Police may have ignored seatbelt policy with Freddie Gray

A member of the Baltimore Police Department stands guard outside of the department's Western District police station as men hold their hands up in protest during a march for Freddie Gray, Wednesday, April 22, 2015, in Baltimore. (AP Photo/Patrick Semansky)
A member of the Baltimore Police Department stands guard outside of the department’s Western District police station as men hold their hands up in protest during a march for Freddie Gray, Wednesday, April 22, 2015, in Baltimore. (AP Photo/Patrick Semansky)

BALTIMORE (AP) — Freddie Gray died from spinal trauma a week after being arrested by a group of officers, hoisted into police van and driven to a Baltimore station. According to a lawyer for the officer’s union, Gray wasn’t strapped in with a seatbelt.
Failing to belt an inmate would violate a policy on handling detainees issued by their own department just nine days prior.
The document, released by a police department spokesman, states that officers should “ensure the safety of the detainee” and that “all passengers, regardless of age and location, shall be restrained by seat belts or other authorized restraining devices.”
Assistant Police Commissioner Jerry Rodriguez said Gray was secured by “leg irons” after he became agitated during the trip, but the department hasn’t said whether he was left otherwise unsecured, as Attorney Michael Davey, who represents at least one of the officers under investigation, told The Associated Press.
Davey acknowledged that department policy requires seatbelts, but said “policy is policy, practice is something else,” particularly if a prisoner is combative.
“It is not always possible or safe for officers to enter the rear of those transport vans that are very small, and this one was very small,” Davey said.
That April 3rd policy, updating a 1997 policy that also required detainees to be secured, is standard nationwide, said Robert Stewart, a former police chief who consults with departments and the Department of Justice on procedures the use of force. Stewart said strapping them in with seatbelts is “not the Torah,” but should be adhered to whenever feasible.
Gray fled and was captured by police on April 12 after one officer “made eye contact” with him. Video recordings outside the public housing complex outfitted with surveillance cameras show Gray screaming on the ground then being dragged, his legs limp, into a van.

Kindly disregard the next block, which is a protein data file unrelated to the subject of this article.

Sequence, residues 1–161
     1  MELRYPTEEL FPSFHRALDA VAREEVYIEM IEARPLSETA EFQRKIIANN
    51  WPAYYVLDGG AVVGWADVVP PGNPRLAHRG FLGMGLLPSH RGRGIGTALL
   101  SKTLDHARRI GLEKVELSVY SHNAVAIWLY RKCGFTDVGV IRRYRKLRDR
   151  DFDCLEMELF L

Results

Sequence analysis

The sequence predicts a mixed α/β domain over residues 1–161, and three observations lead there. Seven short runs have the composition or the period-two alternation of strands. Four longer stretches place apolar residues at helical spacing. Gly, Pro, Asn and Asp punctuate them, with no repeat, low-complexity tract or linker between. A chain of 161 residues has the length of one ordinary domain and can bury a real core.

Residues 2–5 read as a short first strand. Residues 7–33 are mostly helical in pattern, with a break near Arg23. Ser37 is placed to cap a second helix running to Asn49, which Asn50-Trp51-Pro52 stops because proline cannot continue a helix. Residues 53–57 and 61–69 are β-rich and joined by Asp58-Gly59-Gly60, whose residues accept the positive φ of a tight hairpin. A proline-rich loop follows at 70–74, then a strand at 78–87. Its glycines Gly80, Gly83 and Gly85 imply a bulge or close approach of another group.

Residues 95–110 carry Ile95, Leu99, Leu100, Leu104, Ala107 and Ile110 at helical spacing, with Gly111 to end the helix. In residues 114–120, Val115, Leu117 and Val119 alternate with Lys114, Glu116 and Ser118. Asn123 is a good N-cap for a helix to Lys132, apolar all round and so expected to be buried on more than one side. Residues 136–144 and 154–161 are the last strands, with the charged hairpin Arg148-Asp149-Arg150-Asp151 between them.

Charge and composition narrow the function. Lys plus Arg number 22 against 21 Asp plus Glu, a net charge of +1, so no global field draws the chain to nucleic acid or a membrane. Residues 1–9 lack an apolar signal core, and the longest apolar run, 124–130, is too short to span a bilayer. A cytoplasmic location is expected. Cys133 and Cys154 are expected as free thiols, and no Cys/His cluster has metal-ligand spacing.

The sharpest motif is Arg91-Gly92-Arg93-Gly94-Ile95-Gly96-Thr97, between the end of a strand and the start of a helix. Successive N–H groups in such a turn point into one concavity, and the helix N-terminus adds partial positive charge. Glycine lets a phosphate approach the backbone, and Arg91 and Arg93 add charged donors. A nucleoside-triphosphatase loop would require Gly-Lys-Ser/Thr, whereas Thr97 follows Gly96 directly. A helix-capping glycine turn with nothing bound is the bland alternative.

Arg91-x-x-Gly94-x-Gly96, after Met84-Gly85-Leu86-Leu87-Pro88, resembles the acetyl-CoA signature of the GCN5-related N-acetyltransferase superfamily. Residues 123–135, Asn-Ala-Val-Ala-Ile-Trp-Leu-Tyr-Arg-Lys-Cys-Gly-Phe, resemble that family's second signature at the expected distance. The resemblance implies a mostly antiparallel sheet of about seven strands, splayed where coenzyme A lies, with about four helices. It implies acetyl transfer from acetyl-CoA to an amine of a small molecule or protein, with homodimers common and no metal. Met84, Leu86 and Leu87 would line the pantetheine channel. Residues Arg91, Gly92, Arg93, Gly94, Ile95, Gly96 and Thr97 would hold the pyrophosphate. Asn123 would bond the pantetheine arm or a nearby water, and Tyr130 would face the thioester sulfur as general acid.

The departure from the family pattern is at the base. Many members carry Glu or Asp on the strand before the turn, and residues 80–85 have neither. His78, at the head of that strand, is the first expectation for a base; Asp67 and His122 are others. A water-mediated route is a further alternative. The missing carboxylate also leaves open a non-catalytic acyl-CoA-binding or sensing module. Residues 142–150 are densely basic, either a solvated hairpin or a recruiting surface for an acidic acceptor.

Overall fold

Witnesses have said Gray was crying out in pain when he was loaded into the wagon.
Roughly 40 minutes then passed before police said Gray was taken to a hospital in critical condition with the severe spinal injury that led to his death a week later.
Davey said he believes the fatal injury happened inside the police van. The assistant commissioner suggested as much as well.
“I know that when Mr. Gray was placed inside that van he was able to talk, he was upset,” Rodriguez said Monday at a news conference. Rodriguez said Gray became “irate” and that the van stopped so that officers could shackle his legs. Then, “when he was taken out of that van, he could not talk and he could not breathe.”
But Stewart, the police practices consultant, cautioned against focusing solely on how Gray was transported.
“How did his injuries occur?” Stewart said after watching the videos. “These guys are picking up someone who is obviously injured.”
The same policy requires arresting officers to determine if medical help is needed and take care not to aggravate any injury. The driver also has a role, and should refuse to take a seriously injured prisoner to the station if he belongs in a hospital.
“If I’m the officer in the wagon, if the guy’s hurt, I’m not taking him,” Stewart said.
All six officers involved in Gray’s arrest have been suspended with pay and are under criminal investigation. Davey, whose law firm is on contract with the Baltimore Fraternal Order of Police Lodge 3, said five of the six officers gave voluntary statements the day of Gray’s arrest, and one declined to speak with investigators.
The transport policy clearly states that arresting officers must “ensure medical treatment for a detainee is obtained, when necessary or requested, at the nearest medical facility.”
Commissioner Anthony Batts said Gray repeatedly requested medical attention during the ride, and that only after arrival at the Western District station house were paramedics called.
“There were several times he made a medical request,” Batts said Monday. “He asked for an inhaler, and at one or two of the stops it was noticed that he was having trouble breathing, we probably should have asked for paramedics.”
Earlier this week the Department of Justice announced that it has opened an investigation into Gray’s death to determine whether his civil rights had been violated. Rodriguez said the department’s investigation will be completed by May 1 and delivered to the state’s attorney’s office to consider filing any criminal charges.

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